Robert Moran, BCC Research
February 07, 2012 | 0 Comments
As the solar energy market continues to grow, crystalline silicon (c-Si) and thin film materials have emerged as leaders in building the most efficient solar panels at the lowest cost. Each of these material systems demonstrated future growth potential in a recent market study done by BCC Research.
Silicon takes the lead
Silicon has been the leading solar cell material since renewable technology began to attract attention. Two major categories of silicon have been used in the manufacture of solar cells—monocrystalline silicon in the form of single wafers made from ingots, and poly- or multicrystalline silicon made from large blocks of molten material carefully cooled and solidified.
Growth and market share of c-Si and thin films, 2010-2015
C:Si technology will represent 42.9% of the module shipments by major technology by 2015.
The material will experience a 34.1% growth rate from 2010 to 2015.
Thin film materials will represent 32.0% of the module shipments by major technology by 2015.
Thin films will experience a 55.7% growth rate from 2010 to 2015.
Source: BCC Research
Monocrystalline silicon proved to be the most efficient but its single wafers are more costly to produce because they are cut from cylindrical ingots. They have registered the highest solar to electric conversion efficiency (25%) of any material. Multicrystalline, or poly-silicon solar cells, while less costly to produce, are a little less efficient averaging 17% to 21%. They are extremely durable however, and over the past several decades, multicrystalline silicon has become the leading material used in solar cells.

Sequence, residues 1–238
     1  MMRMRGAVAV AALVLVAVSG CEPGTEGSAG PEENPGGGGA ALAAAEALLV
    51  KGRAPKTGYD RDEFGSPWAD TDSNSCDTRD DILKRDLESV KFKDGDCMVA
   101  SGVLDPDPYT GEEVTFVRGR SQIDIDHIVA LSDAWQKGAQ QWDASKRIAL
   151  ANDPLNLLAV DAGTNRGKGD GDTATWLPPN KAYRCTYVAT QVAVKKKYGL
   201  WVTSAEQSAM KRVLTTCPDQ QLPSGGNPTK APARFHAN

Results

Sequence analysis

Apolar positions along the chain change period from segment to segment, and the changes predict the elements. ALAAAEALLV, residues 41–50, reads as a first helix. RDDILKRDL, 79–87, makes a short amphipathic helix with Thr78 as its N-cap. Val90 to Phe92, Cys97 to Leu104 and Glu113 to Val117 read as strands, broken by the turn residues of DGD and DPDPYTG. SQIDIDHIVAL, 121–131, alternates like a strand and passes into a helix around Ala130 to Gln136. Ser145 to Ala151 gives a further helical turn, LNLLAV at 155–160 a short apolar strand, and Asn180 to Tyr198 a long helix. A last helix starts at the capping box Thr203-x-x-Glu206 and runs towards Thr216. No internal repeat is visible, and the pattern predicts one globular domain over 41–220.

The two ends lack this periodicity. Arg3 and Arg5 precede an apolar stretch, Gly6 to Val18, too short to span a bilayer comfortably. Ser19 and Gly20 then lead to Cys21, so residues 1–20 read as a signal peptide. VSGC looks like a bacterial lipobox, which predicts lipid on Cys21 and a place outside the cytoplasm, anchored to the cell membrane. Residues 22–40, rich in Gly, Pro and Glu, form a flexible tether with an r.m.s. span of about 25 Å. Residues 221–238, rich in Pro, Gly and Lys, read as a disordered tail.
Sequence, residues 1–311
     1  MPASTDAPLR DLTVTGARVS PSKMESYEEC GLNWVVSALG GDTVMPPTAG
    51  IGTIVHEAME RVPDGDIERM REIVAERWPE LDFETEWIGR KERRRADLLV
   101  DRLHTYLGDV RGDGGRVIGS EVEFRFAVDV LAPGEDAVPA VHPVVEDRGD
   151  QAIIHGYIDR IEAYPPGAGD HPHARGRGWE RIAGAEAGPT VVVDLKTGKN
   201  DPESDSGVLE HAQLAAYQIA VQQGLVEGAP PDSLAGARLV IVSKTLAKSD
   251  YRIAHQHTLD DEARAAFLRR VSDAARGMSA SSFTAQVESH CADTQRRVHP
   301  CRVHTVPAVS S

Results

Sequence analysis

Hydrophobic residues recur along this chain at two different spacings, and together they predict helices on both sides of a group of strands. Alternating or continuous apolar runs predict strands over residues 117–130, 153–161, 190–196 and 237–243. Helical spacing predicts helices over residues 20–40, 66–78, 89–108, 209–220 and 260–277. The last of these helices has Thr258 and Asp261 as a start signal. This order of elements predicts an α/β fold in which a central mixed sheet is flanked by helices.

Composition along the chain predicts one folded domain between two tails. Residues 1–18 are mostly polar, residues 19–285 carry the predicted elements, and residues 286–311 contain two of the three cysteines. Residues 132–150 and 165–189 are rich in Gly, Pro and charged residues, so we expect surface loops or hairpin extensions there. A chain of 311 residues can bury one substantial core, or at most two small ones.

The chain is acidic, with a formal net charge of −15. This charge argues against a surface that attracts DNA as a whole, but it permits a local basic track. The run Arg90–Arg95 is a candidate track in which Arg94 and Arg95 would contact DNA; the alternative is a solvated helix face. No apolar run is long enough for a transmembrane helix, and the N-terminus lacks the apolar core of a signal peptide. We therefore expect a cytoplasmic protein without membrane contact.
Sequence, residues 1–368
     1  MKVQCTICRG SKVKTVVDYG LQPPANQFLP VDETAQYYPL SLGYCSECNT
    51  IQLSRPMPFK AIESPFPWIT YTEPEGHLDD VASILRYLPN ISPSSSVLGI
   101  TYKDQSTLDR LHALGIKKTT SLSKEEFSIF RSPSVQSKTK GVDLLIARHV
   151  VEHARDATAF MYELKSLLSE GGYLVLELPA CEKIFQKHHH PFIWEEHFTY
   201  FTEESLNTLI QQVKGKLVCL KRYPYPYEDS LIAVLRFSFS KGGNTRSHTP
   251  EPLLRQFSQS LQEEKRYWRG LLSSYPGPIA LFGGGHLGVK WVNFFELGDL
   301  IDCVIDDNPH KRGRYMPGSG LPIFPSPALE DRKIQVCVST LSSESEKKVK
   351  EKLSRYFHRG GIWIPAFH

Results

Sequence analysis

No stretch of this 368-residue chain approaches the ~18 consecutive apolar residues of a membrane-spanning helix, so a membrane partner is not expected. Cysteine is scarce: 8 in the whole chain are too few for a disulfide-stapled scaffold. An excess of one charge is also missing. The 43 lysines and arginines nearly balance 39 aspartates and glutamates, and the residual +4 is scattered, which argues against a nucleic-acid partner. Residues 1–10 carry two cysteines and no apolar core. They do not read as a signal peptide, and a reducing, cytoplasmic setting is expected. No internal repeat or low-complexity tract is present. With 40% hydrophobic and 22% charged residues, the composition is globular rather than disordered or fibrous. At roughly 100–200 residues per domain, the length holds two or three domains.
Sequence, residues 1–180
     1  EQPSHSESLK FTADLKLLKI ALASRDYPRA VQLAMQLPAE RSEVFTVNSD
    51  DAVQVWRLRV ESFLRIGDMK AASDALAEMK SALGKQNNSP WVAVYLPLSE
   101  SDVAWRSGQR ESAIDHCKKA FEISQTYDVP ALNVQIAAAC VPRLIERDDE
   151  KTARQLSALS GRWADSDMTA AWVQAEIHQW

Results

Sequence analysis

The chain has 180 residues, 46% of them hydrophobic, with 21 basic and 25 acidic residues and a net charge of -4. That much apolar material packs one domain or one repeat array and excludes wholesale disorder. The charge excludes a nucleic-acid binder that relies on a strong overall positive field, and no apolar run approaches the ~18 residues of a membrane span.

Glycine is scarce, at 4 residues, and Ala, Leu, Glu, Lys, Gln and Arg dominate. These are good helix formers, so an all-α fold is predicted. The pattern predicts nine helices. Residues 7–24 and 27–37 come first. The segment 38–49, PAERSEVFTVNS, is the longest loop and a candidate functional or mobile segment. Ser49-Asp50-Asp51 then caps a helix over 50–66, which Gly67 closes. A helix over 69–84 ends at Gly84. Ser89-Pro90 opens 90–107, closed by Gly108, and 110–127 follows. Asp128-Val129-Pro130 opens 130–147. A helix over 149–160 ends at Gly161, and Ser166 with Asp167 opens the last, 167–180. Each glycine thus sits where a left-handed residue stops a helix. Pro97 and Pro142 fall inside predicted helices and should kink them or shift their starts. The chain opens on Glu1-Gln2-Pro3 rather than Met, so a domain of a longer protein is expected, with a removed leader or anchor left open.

Thin films drive lower costs
Thin films found a place in the structure of solar cells as a potential method of reducing cell manufacturing costs. Thin-film solar cells are made by applying very thin layers of semiconductor material to inexpensive materials such as glass or plastic or metal. Thin-film semiconductors absorb light more easily than c-Si, further reducing the amount of material required and thus cutting costs.
At the present time, there are three leading thin film materials used in the manufacture of solar cells. Cadmium telluride (CdTe) has the lowest Wp (Watt-peak) production cost because cells made from this material are relatively easy to manufacture. Efficiencies of CdTe cells range between 9 and 12%.
Copper indium gallium selenide (CIGS) thin films have achieved the highest efficiencies of any thin film material at 12 to 14%. There has been some difficulty in controlling the uniformity of the active layer and in using steel substrates, but research in this material continues at a brisk pace.
Amorphous silicon (a-Si) has also proven to be a workable thin film technology. It has the lowest efficiency, however, registering between 7% and 10% at best. This material has long been used in consumer products powered by the sun such as calculators and watches. Some manufacturers are pursuing its use in solar cells and striving to improve efficiencies.
Gallium arsenide is a fourth thin film material that has been used to manufacture solar cells used in satellites and space exploration. Currently, GaAs is being tested for use in terrestrial solar concentrator and multijunction cells, which offer several different combinations of materials that will absorb solar rays and convert them to electricity.